You could have a parent helper, or a grandparent or another relative, arrive in the morning and sharpen all those cups of pencils so the day starts with completely sharpened pencils and you don’t have students getting up to sharpen pencils, up and down, all day long.

The last one is the Tech Guru. This role can maintain your classroom website, adding the regular newsletter file for the week, adding classroom photos, or maybe scanning in any student work that you want to showcase.

Again – this one can be done at home or at school. If they have a scanner and computer at home, send documents home in a folder with the student and the volunteer can do that right from home to update it. 

Another optional item for that role could be a school only option but to assist students with computer log in. If you have littles who are still learning how to log in to certain websites during computer time, they can come in during that particular time, if they’re available, and help the students log in and update anything else you need them updating while he or she is there.

Parent Volunteer Form

As you can see, lots and lots and lots of things on our classroom volunteer form!   I hope this was helpful in getting some ideas on what to do with those parent helpers.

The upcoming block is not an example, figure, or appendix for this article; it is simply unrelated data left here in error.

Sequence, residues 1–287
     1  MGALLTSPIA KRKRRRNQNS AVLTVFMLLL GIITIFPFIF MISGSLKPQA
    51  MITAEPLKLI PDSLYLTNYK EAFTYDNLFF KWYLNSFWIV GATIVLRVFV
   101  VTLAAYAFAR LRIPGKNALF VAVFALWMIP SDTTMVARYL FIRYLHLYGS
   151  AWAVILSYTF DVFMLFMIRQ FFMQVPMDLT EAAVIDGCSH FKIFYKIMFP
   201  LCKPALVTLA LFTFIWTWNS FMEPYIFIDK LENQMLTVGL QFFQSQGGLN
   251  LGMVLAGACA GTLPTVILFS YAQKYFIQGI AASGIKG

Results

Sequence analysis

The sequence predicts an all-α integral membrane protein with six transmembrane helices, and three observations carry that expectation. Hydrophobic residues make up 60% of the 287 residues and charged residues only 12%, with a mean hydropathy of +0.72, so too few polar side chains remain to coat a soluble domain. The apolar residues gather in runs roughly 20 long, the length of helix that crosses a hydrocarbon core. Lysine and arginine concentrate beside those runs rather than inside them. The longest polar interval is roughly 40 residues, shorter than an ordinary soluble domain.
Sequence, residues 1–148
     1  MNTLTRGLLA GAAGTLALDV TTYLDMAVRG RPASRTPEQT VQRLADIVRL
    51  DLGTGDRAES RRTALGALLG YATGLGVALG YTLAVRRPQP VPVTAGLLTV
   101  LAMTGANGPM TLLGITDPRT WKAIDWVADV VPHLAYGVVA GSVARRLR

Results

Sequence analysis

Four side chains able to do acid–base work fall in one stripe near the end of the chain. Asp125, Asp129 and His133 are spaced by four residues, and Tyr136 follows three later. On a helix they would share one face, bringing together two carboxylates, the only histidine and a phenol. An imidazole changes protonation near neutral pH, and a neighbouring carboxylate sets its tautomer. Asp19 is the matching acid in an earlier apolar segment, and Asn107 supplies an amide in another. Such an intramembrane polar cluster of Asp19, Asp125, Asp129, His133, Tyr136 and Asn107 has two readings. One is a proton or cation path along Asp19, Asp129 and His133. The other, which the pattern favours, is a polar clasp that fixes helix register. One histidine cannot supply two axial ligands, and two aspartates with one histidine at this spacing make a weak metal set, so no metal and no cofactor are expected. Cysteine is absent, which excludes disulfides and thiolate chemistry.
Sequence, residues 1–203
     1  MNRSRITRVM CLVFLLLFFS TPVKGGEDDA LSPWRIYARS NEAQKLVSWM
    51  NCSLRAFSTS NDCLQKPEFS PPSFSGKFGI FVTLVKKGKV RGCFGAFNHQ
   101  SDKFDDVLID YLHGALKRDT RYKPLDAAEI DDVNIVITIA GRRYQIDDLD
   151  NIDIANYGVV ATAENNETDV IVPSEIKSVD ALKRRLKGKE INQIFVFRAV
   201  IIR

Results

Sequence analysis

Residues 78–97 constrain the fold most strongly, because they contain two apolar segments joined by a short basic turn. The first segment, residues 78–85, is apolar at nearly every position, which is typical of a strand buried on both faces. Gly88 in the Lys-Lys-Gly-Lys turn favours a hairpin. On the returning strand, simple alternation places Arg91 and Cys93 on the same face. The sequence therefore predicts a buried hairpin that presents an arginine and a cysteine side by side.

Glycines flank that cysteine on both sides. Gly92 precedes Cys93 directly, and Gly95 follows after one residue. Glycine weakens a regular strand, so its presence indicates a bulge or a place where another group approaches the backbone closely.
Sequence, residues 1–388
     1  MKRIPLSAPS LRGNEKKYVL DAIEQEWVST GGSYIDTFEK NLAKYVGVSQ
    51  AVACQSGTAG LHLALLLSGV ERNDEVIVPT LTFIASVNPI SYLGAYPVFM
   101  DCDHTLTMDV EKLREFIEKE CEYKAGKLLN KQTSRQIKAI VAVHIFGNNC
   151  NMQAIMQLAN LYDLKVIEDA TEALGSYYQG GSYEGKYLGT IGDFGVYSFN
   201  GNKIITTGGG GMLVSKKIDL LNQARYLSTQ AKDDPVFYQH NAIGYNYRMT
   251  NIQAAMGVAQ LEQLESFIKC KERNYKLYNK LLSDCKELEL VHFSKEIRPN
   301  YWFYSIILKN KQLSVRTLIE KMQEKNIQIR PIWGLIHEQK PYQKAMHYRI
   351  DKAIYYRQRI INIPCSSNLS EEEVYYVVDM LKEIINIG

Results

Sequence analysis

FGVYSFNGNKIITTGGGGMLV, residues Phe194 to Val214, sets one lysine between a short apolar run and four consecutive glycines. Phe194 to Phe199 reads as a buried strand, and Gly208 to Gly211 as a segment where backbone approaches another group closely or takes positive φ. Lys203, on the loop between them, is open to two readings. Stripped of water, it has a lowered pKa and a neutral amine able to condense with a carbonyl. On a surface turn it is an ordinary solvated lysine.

I have had some parent helpers in the past that were so amazing and so organized, and as organized as I was, she organized even more. We honestly ran out of things for her to do because she was so amazing.

If I had had some of these ideas that were on this list I could have definitely had her do even more without even thinking. It’s kind of handy to have it at your fingertips and the part I love the most is that you will get a lot of parents that can help from home as well as in the school. Even if they can’t help during the school day, they might be able to help at home and participate that way.

Remember to download your freebie form below . and if you found it to be helpful, don’t keep me a secret.  Please share this page with other teacher friends on Facebook, email, or Instagram now so that I can spread the love to even more teachers everywhere.

Need some ideas for your parent volunteers? Classroom volunteers don't even have to physically be in the classroom! Check out this post for some ideas!

Have a great rest of the week all!


Charity Preston Bio Pic

Similar Posts

Leave a Reply

Your email address will not be published. Required fields are marked *